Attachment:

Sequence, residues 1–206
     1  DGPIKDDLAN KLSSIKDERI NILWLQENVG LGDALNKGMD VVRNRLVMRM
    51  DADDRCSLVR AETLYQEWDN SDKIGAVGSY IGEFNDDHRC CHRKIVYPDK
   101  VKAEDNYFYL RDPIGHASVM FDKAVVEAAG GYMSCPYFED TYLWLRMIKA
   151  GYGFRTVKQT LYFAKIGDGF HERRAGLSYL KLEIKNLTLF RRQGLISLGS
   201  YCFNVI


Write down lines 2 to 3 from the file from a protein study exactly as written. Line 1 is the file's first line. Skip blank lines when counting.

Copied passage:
     1  DGPIKDDLAN KLSSIKDERI NILWLQENVG LGDALNKGMD VVRNRLVMRM
    51  DADDRCSLVR AETLYQEWDN SDKIGAVGSY IGEFNDDHRC CHRKIVYPDK